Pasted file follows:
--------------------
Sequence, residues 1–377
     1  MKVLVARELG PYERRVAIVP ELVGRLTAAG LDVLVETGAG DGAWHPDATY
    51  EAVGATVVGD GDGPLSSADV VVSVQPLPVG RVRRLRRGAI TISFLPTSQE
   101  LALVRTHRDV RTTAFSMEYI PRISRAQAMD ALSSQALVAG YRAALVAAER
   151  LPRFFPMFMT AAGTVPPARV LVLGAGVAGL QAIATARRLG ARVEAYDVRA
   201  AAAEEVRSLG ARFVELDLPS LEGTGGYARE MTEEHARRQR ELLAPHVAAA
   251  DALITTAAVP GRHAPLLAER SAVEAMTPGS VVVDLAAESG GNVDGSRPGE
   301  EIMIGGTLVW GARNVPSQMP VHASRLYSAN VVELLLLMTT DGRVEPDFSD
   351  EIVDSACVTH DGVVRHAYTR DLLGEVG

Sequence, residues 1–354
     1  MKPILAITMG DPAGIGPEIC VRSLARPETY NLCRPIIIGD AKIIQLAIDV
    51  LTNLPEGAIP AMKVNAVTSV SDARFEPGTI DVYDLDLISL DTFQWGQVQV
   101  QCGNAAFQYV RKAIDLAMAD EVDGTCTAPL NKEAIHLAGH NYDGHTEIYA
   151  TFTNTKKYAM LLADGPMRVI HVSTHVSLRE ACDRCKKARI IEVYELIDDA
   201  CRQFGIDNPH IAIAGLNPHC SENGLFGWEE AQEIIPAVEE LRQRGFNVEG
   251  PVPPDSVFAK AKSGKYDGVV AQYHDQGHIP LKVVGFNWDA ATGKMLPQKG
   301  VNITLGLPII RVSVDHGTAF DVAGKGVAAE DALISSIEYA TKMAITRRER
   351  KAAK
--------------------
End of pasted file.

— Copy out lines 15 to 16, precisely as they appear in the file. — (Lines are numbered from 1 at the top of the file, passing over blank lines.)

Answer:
   201  CRQFGIDNPH IAIAGLNPHC SENGLFGWEE AQEIIPAVEE LRQRGFNVEG
   251  PVPPDSVFAK AKSGKYDGVV AQYHDQGHIP LKVVGFNWDA ATGKMLPQKG